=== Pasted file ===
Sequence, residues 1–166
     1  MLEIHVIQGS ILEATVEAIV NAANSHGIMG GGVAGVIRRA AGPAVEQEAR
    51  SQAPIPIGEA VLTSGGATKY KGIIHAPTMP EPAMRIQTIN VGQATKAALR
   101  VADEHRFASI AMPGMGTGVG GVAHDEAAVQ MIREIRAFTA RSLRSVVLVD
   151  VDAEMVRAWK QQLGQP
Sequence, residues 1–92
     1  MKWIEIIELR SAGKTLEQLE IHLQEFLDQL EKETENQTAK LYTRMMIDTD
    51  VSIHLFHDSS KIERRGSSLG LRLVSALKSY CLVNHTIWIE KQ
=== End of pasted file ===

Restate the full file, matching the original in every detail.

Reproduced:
Sequence, residues 1–166
     1  MLEIHVIQGS ILEATVEAIV NAANSHGIMG GGVAGVIRRA AGPAVEQEAR
    51  SQAPIPIGEA VLTSGGATKY KGIIHAPTMP EPAMRIQTIN VGQATKAALR
   101  VADEHRFASI AMPGMGTGVG GVAHDEAAVQ MIREIRAFTA RSLRSVVLVD
   151  VDAEMVRAWK QQLGQP
Sequence, residues 1–92
     1  MKWIEIIELR SAGKTLEQLE IHLQEFLDQL EKETENQTAK LYTRMMIDTD
    51  VSIHLFHDSS KIERRGSSLG LRLVSALKSY CLVNHTIWIE KQ